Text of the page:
If The Concrete is Burning Your Feet, It’s Too Hot for the Dog Too
Running out of the house to get the mail is an adventure this time of year. It's so hot right now that our bare feet on sidewalks will make us do that quick tip-toe dance that kind of looks like we're trying to sneak up on someone, and also looks a little like Elaine's dance from the TV show Seinfeld. This just in -- hot concrete hurts your dog's feet too!
Fox 4 in Dallas posted a reminder on Facebook this week that it doesn't take long for streets to heat up on a summer afternoon, and if we're feeling the burn on our own feet, the dog is feeling it too.
Ever put on flip flops and take the dog for a walk? Our feet might be protected, but the dog's pads are burning with each step on the concrete. And we thought the dog was just trotting because he was feeling playful. Oops.
Concrete holds heat. Fox 4 says when the air temperature is 77, the sidewalk temperature is 125. When the air temperature is 87, the sidewalk rises to 143. Holy smokes. And when the air temperature is 100? Well, the sidewalk produces red feet and blisters, and makes us do that tip-toe dance.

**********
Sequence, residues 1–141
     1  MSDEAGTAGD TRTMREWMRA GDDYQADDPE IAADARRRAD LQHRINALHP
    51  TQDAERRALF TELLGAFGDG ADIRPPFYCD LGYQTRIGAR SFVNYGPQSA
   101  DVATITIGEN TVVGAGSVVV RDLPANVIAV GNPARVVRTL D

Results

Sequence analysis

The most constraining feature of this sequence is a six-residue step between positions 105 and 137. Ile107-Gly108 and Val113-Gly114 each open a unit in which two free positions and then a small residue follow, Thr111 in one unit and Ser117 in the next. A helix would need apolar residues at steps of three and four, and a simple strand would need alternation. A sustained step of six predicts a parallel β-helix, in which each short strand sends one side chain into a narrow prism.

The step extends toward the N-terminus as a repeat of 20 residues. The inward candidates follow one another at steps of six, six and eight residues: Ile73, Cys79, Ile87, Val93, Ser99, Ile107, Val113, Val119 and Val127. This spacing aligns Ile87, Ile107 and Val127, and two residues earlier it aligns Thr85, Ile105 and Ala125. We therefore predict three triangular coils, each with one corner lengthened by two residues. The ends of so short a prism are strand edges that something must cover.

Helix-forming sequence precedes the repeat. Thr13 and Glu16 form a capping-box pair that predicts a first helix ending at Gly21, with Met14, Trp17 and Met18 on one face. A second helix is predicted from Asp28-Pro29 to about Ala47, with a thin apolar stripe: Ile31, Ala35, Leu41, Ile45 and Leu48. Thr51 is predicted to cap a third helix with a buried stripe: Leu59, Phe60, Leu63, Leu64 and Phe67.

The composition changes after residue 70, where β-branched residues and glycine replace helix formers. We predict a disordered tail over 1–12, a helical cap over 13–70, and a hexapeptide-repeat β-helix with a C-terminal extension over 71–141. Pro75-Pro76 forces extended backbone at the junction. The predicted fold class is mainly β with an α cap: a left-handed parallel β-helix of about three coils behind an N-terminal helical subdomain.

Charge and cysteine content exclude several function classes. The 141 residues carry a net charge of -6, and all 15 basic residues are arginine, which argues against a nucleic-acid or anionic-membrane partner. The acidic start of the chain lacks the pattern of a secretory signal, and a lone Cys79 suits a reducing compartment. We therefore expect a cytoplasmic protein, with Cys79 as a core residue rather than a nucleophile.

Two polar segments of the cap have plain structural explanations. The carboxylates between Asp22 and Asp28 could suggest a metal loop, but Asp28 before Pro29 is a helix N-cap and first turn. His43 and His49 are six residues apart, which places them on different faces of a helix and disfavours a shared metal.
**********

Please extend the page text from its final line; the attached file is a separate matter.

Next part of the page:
This YouTube video from Giant Dogs actually measures the temperature of different surfaces that your dog would normally walk on. It will open your eyes.
We're talking about this because dogs can't really tell us when they have paw burn. And although a dog's pads may be tougher and more calloused than our pretty little feet, any sort of skin contact on a 150 degree surface is bound to be uncomfortable. If it's hot enough to fry an egg, it's hot enough to fry feet and paws. We wouldn't walk on a hot skillet, right?
We've got another couple of months for the hottest weather of the year, and then the great fall weather will kick in. Until then, invest in doggie shoes or keep the dogs on the grass. They'll love us even more than they already do.